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Thread: Ionity's new EV charge pricing... is making a V8 make sense

  1. #11
    Quote Originally Posted by KevC View Post
    Capacity. These chargers require a lot of juice and there is rarely enough spare capacity in the incoming line to add in a charging station without at least uprating it.
    Yeah, figures, but seems you've already got more in place already, plus parking and you can do a shop. Kinda seems like a better place to spend time than some BS "Services" area with overpriced coffee, artisan (overpriced) sandwiches and stuff.

  2. #12
    I'm standing in a field full of sheep, is it wrong that I feel aroused

  3. #13
    Quote Originally Posted by crank_case View Post
    If you change at home anyway, then these are just to extend the odd journey or save you in a pinch.
    Yes.

    I agree that competition's lower prices will drive people away from Ionity when there's a choice.

    But when I get my ZOE ZE50 with CCS, maybe I'd occasionally need 20kWh of public charge on a journey (and that'd be very rare). So the choice there would be between €16 on Ionity and €7 on ESB. €9 difference.

    If there was a queue of Leaves on the nearest ESB charger I wouldn't hesitate to pay the extra.

    Anyway, if you're doing your TCO calculations based on doing all your charging on Ionity you're doing it wrong.

  4. #14
    Quote Originally Posted by mick View Post
    ..in another sign of the times, I saw an AA "Electric Vehicle Support" van for the first time during the week. Presumably it just has a big diesel generator in the back, but it's reassuring to know it's out there I guess ..
    How would this work,getting a charge from this on the side of the road?

    Would you just need to connect the electric car in for 10/15 minutes just to give it a quick boost?

  5. #15
    this is a problem... but its also going to be a commercial reality.... You want a densilly populated charging network and for it to be online 24/7/365..... Then thats going to cost money.... and only making it commercially viable will it happen.... Cheap or free fuel is a thing of dreams..... going EV will not be about fuel savings..... not in the long term anyway.....

  6. #16
    Quote Originally Posted by Titan View Post
    How would this work,getting a charge from this on the side of the road?

    Would you just need to connect the electric car in for 10/15 minutes just to give it a quick boost?
    ..dunno. I suppose it's like calling them when you run out of petrol and they turn up with a fivers worth to get you going...?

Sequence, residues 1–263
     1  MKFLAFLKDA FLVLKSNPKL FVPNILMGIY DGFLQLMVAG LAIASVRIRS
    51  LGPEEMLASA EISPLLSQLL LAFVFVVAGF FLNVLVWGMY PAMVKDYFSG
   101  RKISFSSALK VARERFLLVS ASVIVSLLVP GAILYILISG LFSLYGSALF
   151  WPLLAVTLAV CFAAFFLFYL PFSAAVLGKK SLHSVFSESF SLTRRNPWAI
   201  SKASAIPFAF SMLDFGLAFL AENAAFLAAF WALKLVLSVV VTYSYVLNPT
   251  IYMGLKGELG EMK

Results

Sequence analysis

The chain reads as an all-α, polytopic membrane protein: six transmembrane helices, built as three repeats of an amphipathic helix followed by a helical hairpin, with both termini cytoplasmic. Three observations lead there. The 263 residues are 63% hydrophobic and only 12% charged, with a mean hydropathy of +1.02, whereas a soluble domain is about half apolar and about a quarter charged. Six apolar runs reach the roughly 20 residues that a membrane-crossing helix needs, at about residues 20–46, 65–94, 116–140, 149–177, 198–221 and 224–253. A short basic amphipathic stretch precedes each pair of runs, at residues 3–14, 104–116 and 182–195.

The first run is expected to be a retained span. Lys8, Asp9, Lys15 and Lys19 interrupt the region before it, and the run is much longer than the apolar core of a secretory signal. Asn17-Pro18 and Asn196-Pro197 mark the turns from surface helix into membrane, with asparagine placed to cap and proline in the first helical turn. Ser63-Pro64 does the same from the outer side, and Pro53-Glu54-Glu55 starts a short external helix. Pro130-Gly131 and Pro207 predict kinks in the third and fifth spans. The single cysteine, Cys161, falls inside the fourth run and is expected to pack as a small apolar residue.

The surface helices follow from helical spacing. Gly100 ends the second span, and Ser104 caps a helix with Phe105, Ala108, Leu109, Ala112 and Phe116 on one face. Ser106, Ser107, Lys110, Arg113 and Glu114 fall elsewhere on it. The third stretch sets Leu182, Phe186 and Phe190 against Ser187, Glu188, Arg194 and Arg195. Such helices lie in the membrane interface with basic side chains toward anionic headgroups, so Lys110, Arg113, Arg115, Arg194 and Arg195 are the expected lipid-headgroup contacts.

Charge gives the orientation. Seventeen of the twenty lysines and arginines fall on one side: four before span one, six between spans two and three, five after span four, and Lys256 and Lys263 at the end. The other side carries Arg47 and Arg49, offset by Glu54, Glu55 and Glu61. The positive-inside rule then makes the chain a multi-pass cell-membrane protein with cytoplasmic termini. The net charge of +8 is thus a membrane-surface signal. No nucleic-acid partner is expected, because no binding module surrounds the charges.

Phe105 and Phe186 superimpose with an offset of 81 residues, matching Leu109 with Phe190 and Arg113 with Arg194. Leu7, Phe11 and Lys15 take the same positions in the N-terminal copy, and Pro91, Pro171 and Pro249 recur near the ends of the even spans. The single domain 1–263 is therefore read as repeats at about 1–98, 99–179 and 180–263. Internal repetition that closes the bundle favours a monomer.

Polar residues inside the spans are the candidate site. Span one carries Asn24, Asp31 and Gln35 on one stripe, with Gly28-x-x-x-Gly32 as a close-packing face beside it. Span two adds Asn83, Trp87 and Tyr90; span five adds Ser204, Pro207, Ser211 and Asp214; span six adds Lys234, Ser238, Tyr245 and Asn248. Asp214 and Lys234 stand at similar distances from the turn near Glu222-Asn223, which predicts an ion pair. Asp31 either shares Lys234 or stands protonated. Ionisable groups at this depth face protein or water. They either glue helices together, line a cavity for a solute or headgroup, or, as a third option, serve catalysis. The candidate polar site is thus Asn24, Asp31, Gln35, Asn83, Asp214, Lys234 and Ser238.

7. #17
    The EV fuel needs to be cheap, otherwise the value prop comes crashing down. If fast charging is prohibitively expensive then EVs will remain as a second car proposition and there’s no real reason to buy an expensive one with lots of battery. Funnily enough Ionity’s prime purpose is to support vehicles with large batteries so something doesn’t add up.

    Anyhow, this is working wonders for the V8 man maths.
    I'm with the resistance

  8. #18
    Quote Originally Posted by DMZ View Post
    The EV fuel needs to be cheap, otherwise the value prop comes crashing down. If fast charging is prohibitively expensive then EVs will remain as a second car proposition and there’s no real reason to buy an expensive one with lots of battery. Funnily enough Ionity’s prime purpose is to support vehicles with large batteries so something doesn’t add up.

    Anyhow, this is working wonders for the V8 man maths.

    I've yet to see an actual value prop for new EV. Especially if our taxes stop paying a chunk of the list price.

    The people that can afford the big fancy battery cars, won't need to even check the pricing scale on the charger as fuel costs are relatively insignificant.

    If the switch to EV is to work, the charging needs to happen at home and a fast charger visit is for emergencies or the rare long journeys.

  9. #19
    In other words, they will remain as toy cars for tipping around locally. Which is exactly how I use mine and also represents 90%+ of my driving generally.
    I'm with the resistance

  10. #20
    Quote Originally Posted by DMZ View Post
    I read an article about another high speed charger crowd that is starting a rollout and they said that 350kW chargers are very expensive to install because they require their own substation and a direct connection to the grid and users should expect to pay prices similar to petrol. I’m sure Ionity is facing the same reality.

    But you know, as a consumer do I give a toss? No I don’t really. If they want adoption they need to suck up the rollout cost and take a longer view otherwise this whole EV thing could die a death. Which maybe is the intention, who knows...

    This is the whole problem. to move electric vehicles from niche to mainstream is going to require monumental amounts of grid investment, someone's going to have to pay for it, either taxpayers or users (or bond villian level billionaires)

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